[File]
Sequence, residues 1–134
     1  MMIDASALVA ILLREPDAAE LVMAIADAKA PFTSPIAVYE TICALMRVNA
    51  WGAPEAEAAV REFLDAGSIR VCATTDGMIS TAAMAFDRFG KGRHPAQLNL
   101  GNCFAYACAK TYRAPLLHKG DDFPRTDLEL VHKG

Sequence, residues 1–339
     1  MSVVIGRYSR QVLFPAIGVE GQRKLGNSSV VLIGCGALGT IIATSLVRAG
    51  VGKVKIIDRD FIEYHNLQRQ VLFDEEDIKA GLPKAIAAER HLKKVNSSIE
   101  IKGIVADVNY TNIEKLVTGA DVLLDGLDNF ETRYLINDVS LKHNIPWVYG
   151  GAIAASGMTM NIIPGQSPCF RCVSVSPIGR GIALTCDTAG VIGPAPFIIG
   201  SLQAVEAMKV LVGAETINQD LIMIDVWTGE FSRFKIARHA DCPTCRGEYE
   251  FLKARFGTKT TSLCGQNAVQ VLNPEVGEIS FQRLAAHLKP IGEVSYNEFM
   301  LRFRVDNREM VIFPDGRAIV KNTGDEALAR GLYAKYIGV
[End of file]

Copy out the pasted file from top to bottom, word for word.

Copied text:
Sequence, residues 1–134
     1  MMIDASALVA ILLREPDAAE LVMAIADAKA PFTSPIAVYE TICALMRVNA
    51  WGAPEAEAAV REFLDAGSIR VCATTDGMIS TAAMAFDRFG KGRHPAQLNL
   101  GNCFAYACAK TYRAPLLHKG DDFPRTDLEL VHKG

Sequence, residues 1–339
     1  MSVVIGRYSR QVLFPAIGVE GQRKLGNSSV VLIGCGALGT IIATSLVRAG
    51  VGKVKIIDRD FIEYHNLQRQ VLFDEEDIKA GLPKAIAAER HLKKVNSSIE
   101  IKGIVADVNY TNIEKLVTGA DVLLDGLDNF ETRYLINDVS LKHNIPWVYG
   151  GAIAASGMTM NIIPGQSPCF RCVSVSPIGR GIALTCDTAG VIGPAPFIIG
   201  SLQAVEAMKV LVGAETINQD LIMIDVWTGE FSRFKIARHA DCPTCRGEYE
   251  FLKARFGTKT TSLCGQNAVQ VLNPEVGEIS FQRLAAHLKP IGEVSYNEFM
   301  LRFRVDNREM VIFPDGRAIV KNTGDEALAR GLYAKYIGV